Nonpsychiatric medical treatment of body dysmorphic disorder. (4/78)

Many individuals with body dysmorphic disorder seek nonpsychiatric medical and surgical treatment to improve perceived defects in their physical appearance. However, the types of treatments sought and received, as well as the treatment outcome, have received little investigation. This study describes the frequency, types, and outcomes of treatments sought and received by 200 individuals with body dysmorphic disorder. Treatment was sought by 71.0% and received by 64.0%. Dermatological treatment was most frequently sought and received (most often, topical acne agents), followed by surgery (most often, rhinoplasty). Twelve percent of the subjects received isotretinoin. Such treatment rarely improved body dysmorphic disorder. Thus, nonpsychiatric medical treatments do not appear effective in its treatment.  (+info)

The forehead flap for nasal reconstruction: how we do it. (5/78)

The forehead flap is a useful technique to reconstruct deep and large nasal defects. It can safely be performed under local anesthesia in an outpatient setting. Advantages of this flap include the fact that it provides an excellent color and texture match to the missing nasal skin. Disadvantages include the fact that it is at least a two-stage procedure and that often patients require "touch up" surgeries to provide the best possible cosmetic outcome.  (+info)

Unilateral blindness as a complication of nasal septoplasty: case report. (6/78)

Blindness as a complication of nasal septoplasty is a devastating occurrence with only a few cases reported in the literature. In most of these cases, visual loss was attributed to retinal embolism following intra-arterial injection of substances into the nasal turbinate. This paper documents one case of complete unilateral blindness from direct optic nerve trauma following an apparently uneventful septorhinoplasty. Ophthalmologists and otolaryngologists should therefore be aware of the possible occurrence of such complication.  (+info)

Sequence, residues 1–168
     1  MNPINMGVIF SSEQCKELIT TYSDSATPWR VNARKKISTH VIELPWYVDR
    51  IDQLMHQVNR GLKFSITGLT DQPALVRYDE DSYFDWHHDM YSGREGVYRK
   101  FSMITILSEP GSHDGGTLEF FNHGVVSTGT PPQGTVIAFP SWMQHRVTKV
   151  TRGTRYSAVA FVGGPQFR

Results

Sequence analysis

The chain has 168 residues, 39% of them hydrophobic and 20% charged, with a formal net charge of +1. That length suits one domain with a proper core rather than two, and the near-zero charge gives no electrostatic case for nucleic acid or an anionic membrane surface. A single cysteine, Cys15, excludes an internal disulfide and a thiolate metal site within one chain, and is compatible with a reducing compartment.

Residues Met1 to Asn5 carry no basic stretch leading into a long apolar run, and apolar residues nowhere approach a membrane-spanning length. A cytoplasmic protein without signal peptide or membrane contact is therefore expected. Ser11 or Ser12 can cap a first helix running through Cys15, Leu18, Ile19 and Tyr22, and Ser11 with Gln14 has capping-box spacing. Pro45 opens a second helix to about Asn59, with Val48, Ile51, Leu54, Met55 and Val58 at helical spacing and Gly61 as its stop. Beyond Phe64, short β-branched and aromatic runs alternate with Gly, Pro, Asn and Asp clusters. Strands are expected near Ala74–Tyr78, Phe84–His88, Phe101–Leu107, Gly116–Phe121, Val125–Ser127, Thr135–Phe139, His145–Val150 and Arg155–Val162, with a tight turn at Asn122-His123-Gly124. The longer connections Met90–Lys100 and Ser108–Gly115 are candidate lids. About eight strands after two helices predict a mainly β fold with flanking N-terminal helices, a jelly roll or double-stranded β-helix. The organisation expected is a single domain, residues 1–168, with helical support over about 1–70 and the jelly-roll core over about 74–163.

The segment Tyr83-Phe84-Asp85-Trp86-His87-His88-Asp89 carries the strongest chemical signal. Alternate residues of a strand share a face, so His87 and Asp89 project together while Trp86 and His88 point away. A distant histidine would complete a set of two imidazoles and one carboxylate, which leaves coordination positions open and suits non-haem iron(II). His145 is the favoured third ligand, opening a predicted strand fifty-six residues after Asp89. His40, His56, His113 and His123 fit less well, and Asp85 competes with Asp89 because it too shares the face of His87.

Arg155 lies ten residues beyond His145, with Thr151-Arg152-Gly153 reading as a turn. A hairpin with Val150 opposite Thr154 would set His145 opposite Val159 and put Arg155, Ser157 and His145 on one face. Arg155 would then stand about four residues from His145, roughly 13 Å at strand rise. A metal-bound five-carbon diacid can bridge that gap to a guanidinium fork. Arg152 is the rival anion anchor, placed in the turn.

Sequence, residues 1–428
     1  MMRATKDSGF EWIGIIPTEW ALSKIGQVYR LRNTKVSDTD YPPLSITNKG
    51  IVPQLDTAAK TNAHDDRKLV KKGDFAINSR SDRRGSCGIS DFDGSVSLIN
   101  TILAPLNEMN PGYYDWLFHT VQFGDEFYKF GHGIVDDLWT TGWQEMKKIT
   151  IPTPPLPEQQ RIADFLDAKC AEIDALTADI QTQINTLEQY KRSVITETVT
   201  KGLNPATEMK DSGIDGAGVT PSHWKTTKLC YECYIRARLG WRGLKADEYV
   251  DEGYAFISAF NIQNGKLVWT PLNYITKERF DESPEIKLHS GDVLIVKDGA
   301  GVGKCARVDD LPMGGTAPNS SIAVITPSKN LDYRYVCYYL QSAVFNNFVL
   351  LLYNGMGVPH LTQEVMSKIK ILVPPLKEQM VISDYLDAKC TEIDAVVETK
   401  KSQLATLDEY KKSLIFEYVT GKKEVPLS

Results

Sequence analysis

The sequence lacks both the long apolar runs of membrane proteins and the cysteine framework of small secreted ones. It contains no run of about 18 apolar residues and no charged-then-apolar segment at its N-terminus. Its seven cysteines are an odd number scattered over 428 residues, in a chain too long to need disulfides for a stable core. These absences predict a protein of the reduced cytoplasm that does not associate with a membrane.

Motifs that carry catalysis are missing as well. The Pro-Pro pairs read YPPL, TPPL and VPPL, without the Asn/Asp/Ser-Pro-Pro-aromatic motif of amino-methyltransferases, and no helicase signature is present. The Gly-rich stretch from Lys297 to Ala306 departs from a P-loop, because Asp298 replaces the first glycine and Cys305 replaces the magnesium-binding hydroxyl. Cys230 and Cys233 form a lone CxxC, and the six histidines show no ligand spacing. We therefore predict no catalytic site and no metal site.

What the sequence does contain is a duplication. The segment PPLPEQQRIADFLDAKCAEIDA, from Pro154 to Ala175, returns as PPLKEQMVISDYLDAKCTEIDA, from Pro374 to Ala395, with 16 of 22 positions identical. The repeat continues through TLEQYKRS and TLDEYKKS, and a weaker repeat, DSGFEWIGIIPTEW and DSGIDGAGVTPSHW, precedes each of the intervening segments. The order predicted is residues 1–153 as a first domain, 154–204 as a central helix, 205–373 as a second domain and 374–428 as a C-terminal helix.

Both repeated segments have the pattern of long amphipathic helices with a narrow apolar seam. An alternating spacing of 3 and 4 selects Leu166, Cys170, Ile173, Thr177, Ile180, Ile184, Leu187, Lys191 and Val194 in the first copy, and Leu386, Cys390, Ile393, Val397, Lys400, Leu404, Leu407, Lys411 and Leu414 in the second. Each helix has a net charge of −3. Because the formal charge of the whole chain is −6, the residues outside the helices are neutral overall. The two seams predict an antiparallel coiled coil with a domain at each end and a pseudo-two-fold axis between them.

Antibiotics in septoplasty: is it necessary? (7/78)

The use of antibiotics is a common practice among otorhinolaryngogists for surgical procedures. The majority of the American Rhinology Society members uses post-operative antibiotics routinely in septoplasties, which is considered unnecessary by many authors. AIM: To study the real necessity of the antibiotic usage in septoplasties, as well as the main post-operative complications described in the literature. STUDY DESIGN: clinical prospective with transversal cohort. MATERIAL AND METHOD: We studied prospectively 35 patients who were undergone to septoplasty with or without turbinectomy, in the Clinical Hospital of the University of Sao Paulo. The patients were split in three groups: Group A: without antibiotics; Group B: antibiotics (cefazolin) only during the anesthesic induction; Group C: antibiotics both in the anesthesic induction and post-operatively for seven days. A questionnaire was applied in the immediate post-operatory, in the 7th post-operative day and in the 30th post-operative day asking for bleeding, fever, pain, nausea, vomits and followed by physical and endoscopic evaluation looking for hematoma, septal abscess and purulent secretion which as quantified. RESULT: We do not observed significative difference among the groups concerning to pain, fever, nausea, vomits, bleeding and purulent secretion. None of the patients had hematoma or septal abscess. The groups also do not differ in respect to the quantity of purulent secretion. CONCLUSION: The nasal surgeries are clean contamined and do not need antibioticprophilaxy because of the low infection risk.  (+info)